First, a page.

I love Christmas but I hate Christmas. But I hate anorexia more. Together they have already robbed my festive happiness of a Christmas dinner, an advent calendar and a Christmas tree. I haven’t decorated my house this year because my head can’t accept the percieved pleasure this time of year grants with the situation of reality. I long for things to be different and that results in a present that’s too painful to fully face.

An Anorexic Christmas - Fox's Chocolate Biscuits

I am dreading the days left in the run up to Christmas. Whilst I eat, it’s not enough, it’s purely sustaining, physically my body needs more. And so, in a moment of sheer inner child relaxation, I ate 5 chocolate biscuits. Stolen, if you like, from my parents house. A treat. And instantly regretted it. Instantly my brain bullied all reason out of me. Instantly, I was weak and pathetic. And instantly I listened to it. Forgoing my evening post dinner fruit/festive hot chocolate.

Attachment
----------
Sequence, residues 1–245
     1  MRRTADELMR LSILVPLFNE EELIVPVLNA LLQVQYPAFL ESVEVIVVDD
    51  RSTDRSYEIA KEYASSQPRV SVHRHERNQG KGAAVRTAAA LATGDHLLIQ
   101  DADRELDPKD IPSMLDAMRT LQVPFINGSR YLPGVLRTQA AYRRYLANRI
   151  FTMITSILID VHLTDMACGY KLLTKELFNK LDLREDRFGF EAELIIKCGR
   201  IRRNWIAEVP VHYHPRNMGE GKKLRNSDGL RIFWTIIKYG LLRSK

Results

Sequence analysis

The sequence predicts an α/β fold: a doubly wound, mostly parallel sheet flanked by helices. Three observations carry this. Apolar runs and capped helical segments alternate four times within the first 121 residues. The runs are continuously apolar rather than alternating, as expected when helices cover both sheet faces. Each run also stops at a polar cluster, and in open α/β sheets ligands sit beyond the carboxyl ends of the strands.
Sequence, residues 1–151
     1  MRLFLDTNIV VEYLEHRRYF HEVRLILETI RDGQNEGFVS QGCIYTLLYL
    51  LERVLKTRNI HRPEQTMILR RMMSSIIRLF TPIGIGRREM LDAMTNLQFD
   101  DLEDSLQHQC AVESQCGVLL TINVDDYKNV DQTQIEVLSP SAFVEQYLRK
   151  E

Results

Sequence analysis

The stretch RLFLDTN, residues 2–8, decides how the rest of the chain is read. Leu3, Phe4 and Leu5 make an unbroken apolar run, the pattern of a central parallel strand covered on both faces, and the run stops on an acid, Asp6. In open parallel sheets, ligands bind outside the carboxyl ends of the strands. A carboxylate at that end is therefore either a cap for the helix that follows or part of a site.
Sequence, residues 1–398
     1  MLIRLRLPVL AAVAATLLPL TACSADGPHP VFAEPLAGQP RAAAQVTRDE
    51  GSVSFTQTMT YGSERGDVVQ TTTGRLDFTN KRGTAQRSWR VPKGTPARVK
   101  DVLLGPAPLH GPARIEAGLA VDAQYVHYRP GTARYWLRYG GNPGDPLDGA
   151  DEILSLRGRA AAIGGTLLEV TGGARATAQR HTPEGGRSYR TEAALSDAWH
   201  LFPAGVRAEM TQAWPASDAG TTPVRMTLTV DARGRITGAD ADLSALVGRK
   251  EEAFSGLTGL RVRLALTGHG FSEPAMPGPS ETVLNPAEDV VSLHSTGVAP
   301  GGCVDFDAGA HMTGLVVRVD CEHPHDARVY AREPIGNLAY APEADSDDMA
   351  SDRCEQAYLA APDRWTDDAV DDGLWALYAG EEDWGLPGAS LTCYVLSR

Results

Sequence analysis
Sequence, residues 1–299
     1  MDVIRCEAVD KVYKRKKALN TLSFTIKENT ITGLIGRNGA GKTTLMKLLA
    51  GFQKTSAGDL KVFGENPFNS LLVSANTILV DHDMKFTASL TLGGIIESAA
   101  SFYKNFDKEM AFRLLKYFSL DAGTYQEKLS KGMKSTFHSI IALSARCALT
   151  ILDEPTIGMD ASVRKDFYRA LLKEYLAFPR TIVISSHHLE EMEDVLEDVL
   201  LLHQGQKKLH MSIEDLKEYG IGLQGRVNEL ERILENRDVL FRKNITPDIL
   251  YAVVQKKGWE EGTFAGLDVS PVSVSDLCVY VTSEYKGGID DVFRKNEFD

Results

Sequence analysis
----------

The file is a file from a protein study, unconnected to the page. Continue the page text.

Anorexia is horrible to live with, and takes a lot to fight and beat, but even worse is how it projects its strength forward ready for proven justification on the day. It second guesses the future and then leads you to it’s conclusion. Even though that conclusion is always wrong. And this prospective planning is already starting, my brain now beginning to panic about Christmas lunch, about breaking my safe food routine. About having sausages and bacon, having a day without rules or rationale. I would love to say that I don’t care. That it’s just one day, it won’t hurt, in fact it’ll do me good. But that’s rubbish. That’s not the truth. Because I’m petrified.

But that is the whole point. I’m scared; not about getting fat, body image is another issue entirely, or about eating turkey, carrots and parsnips, but rather, I’m scared about the voice in my head torturing me because at the end of the day, whether I eat a three course dinner or a few mouthfuls of meat, the voice in my head will win. No matter what path I take, I give it the words to destroy me, because to rebel against it arms it with visions of false enlargement but to follow its guidance robes me of the greatest longing in my life: to be normal, to be recovered. To be happy.

Posted on by 5WC in Anorexia, Opinion First Edition